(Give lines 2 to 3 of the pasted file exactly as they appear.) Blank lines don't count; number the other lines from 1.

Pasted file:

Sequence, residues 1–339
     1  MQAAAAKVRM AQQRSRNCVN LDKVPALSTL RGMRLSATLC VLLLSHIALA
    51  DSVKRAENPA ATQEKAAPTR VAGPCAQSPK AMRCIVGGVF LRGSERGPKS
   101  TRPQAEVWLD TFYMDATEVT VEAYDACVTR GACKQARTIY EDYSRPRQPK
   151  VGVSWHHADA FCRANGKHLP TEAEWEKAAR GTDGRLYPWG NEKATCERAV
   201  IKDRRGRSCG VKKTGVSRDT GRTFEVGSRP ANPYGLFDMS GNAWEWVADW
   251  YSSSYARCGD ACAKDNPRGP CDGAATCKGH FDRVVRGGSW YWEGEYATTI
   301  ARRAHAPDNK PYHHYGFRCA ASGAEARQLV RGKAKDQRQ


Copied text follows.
     1  MQAAAAKVRM AQQRSRNCVN LDKVPALSTL RGMRLSATLC VLLLSHIALA
    51  DSVKRAENPA ATQEKAAPTR VAGPCAQSPK AMRCIVGGVF LRGSERGPKS